• Graphics
  • Sound
  • Playability
  • Lastability
FormatAtari 8-bit
DeveloperMad Team
ReviewJason and Gordon

Main review

Ahh… Tetris, eh? Ever since the first versions began, in Alexey Pazhitnov’s own words, to “breathe” it’s been something special, a deceptively simple puzzle game that can hook and addict just about any gamer regardless of their regular genre. And, as we’ve noted previously at Oldschool Gaming, it’s probably one of the most cloned games on the face of the planet with renditions on every 8-bit machine, graphing calculator and major electronic appliance going, so any new variation is immediately dealing with a huge number of competitors.

So what does this latest addition to the Tetris gene pool have to offer in order to stand out? For a start, like most Tetris variants the objective is to complete a certain number of lines but, when this quota is met, the player not only moves onto the next level but, rather than simply continuing, the well is cleared out as well. The other, far more noticeable variation though has to be the shapes; although six of the classic seven Tetris pieces are present and correct, the long bar is now one “unit” shorter so, ironically, its no longer possible to remove four lines at the same time, an action usually referred to as a “Tetris”. To make things more interesting, the developers have also added a series of new, larger shapes to the mix in the form of a cross, a larger L shape and a block with an extra unit grafted onto it.

Graphically speaking, Getris is fairly slick, with some nice presentation screens and quite a bit of colour slapped about the place, although during the game the shapes themselves are very dull in comparison to the side graphics. There’s heavy use of interlacing during play to increase the colour depth and, whilst this isn’t the wisest of moves on any game where the player is looking at the same graphics constantly, it’s nowhere near as obtrusive or indeed uncomfortable as it could be; although presumably, the extra graphical overheads are what led to the 128K minimum memory requirement, which is something of a shame really and a lot of Atari users will have been left out in the cold by it. Aurally speaking there’s nothing to fault apart from, perhaps, the lack of sound effects, although that’s not an issue to my mind and the selection of music is generally nice.

It has to be noted that the difficulty curve is incredibly shallow and, because reaching the level objective clears the well and resets the play area, it’s rare to need anything more than half of the space available even some four or five levels into the game; a lesson could have been learnt from the recent C64 rendition Xetris where each level begins with some clutter at the bottom of the well for the player to clear out. Tampering with any established game mechanism and especially one as well known and loved as Tetris is risky and there’s always a very good chance of crashing and burning; whilst Getris doesn’t go down in flames and the addition of the new shapes does work pretty well, there’s lots of scope for improvement. Don’t get me wrong here because Getris is actually a pretty solid title and received far more play time than most Tetris clones would, but it’s not perfect and, with so much competition in the Tetris “market”, Mad Team had their work cut out; apart from the new shapes, there’s nothing else to recommend it over other, better tuned renditions.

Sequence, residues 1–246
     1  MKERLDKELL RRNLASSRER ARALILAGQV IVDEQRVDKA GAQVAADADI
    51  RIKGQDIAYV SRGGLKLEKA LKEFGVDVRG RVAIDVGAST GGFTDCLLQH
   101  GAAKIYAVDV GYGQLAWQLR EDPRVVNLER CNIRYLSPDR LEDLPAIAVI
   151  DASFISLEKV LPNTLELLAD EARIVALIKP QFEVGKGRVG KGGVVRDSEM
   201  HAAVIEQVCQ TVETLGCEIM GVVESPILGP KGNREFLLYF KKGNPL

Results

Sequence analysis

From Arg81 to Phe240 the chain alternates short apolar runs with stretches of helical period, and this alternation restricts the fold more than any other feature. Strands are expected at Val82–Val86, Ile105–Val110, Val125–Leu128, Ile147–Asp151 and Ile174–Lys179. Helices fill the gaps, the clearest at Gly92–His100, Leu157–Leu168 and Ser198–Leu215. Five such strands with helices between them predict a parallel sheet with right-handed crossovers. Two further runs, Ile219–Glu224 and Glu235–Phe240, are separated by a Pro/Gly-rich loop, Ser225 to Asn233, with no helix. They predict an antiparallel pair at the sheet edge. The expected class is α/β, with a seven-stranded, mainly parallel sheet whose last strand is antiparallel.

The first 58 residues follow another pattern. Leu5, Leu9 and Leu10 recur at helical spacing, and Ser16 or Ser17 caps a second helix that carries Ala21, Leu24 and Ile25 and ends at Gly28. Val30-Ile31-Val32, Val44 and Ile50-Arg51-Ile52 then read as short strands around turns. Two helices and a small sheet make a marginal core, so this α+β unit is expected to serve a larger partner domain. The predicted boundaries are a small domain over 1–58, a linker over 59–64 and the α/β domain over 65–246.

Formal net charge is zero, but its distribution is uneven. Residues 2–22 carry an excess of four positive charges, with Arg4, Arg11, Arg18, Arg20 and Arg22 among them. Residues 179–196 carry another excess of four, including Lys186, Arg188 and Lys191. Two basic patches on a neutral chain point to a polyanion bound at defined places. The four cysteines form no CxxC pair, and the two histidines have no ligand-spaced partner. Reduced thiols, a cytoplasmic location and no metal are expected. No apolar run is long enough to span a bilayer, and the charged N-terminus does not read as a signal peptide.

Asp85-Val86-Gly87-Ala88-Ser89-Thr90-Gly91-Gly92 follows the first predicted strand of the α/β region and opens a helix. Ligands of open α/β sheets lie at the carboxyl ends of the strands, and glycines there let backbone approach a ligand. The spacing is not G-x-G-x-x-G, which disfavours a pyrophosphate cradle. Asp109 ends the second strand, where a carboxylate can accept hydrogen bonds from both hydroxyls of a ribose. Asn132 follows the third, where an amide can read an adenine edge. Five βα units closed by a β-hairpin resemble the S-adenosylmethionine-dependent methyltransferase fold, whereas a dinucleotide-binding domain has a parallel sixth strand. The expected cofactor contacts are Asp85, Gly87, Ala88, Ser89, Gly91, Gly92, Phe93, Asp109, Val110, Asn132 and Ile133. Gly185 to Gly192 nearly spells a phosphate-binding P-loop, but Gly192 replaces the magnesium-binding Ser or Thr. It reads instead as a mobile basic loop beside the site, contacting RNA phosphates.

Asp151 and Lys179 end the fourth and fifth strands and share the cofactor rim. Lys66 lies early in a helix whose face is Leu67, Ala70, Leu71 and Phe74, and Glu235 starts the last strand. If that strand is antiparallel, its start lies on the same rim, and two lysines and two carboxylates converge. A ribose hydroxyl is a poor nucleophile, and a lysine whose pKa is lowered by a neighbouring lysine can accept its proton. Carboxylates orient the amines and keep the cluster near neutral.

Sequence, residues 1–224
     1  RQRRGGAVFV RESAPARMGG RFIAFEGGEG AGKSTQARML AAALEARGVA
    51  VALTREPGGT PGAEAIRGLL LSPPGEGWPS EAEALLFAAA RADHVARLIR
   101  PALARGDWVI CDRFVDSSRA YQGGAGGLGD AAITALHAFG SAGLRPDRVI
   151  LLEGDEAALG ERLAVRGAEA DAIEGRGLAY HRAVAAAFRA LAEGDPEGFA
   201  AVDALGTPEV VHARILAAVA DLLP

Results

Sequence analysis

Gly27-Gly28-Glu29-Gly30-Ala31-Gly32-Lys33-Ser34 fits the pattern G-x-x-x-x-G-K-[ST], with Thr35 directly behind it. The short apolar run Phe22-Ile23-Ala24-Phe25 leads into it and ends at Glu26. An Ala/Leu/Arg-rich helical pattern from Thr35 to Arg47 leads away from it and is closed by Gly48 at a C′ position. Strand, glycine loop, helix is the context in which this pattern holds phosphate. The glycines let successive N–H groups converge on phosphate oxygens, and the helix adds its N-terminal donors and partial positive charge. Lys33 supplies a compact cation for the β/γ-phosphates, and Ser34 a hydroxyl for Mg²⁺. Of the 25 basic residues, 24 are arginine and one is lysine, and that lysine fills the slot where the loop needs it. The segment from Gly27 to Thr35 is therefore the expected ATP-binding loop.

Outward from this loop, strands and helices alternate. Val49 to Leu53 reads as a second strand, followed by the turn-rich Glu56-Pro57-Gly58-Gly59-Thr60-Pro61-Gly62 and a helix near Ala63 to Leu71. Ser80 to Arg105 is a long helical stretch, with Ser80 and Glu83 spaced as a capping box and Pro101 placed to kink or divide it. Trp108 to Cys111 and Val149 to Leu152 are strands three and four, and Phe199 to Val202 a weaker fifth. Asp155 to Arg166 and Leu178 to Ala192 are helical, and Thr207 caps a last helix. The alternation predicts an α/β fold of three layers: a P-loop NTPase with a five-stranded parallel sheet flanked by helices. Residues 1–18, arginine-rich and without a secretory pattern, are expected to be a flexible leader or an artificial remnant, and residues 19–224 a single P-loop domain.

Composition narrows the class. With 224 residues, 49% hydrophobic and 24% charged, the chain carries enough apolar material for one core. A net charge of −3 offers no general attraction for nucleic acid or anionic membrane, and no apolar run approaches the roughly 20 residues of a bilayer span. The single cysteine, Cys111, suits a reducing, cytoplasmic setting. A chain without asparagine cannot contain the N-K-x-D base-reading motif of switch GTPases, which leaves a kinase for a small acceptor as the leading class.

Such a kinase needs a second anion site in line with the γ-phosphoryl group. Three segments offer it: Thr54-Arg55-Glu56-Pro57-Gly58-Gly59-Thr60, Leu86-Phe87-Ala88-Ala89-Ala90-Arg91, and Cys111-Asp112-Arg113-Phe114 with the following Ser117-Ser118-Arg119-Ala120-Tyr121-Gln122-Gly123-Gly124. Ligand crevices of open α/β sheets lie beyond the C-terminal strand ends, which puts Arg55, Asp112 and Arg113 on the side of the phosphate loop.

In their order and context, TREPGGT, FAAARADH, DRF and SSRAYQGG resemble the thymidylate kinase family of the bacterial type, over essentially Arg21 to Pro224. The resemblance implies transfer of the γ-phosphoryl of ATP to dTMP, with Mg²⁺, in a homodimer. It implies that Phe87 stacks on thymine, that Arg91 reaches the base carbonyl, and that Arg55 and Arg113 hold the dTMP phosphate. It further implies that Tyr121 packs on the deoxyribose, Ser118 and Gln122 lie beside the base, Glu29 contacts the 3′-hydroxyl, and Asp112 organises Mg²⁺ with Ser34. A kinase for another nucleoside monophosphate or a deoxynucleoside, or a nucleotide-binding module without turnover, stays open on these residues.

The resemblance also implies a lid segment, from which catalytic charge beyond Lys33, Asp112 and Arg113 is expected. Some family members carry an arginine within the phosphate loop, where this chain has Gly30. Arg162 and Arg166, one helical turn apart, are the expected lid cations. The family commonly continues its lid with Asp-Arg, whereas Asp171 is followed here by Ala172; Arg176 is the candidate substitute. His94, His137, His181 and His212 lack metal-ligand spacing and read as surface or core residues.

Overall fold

Second opinion

It’s good to see the “Atari Mad Team” trying something different with the Tetris genre, because we sure as hell don’t need another colour-by-numbers copy. You can’t help but feel, though, that a chance has been wasted. Like the specky school kid that trips and falls before the finishing line in the egg and spoon race in front of his parents, Getris has a great opportunity to impress… and blows it.

Getris has some slightly larger, more complex shapes that could have added a whole new dimension to the game, but it doesn’t go far enough. Only three new shapes are included, and amidst all the familiar 4-block pieces of old, their appearance doesn’t really alter the gameplay. If Mad Team had gone further and made Getris up of entirely new shapes, it could have been a classic, but what we have instead is a Tetris clone that seems caught between a sequel and a remake. To make matters worse, the pieces fall too slowly and there are no skill levels to speed things up. Even inexperienced gamers will find the opening stages a breeze. The graphics are so-so – just compare Getris‘ single-colour shapes and gloomy presentation to the altogether brighter appearance of the MSX title Magical Stones. The Atari 8-bits are capable of so much more graphically. At least the tunes are worthwhile, but again disappointingly, there are no in-game spot effects.

In a tired genre, Getris points the way forward without actually being the way forward, but there’s an idea here deserving of a follow-up. An update could iron out the kinks and give us the proper sequel to Tetris that we’ve been waiting for since 1990: here’s hoping.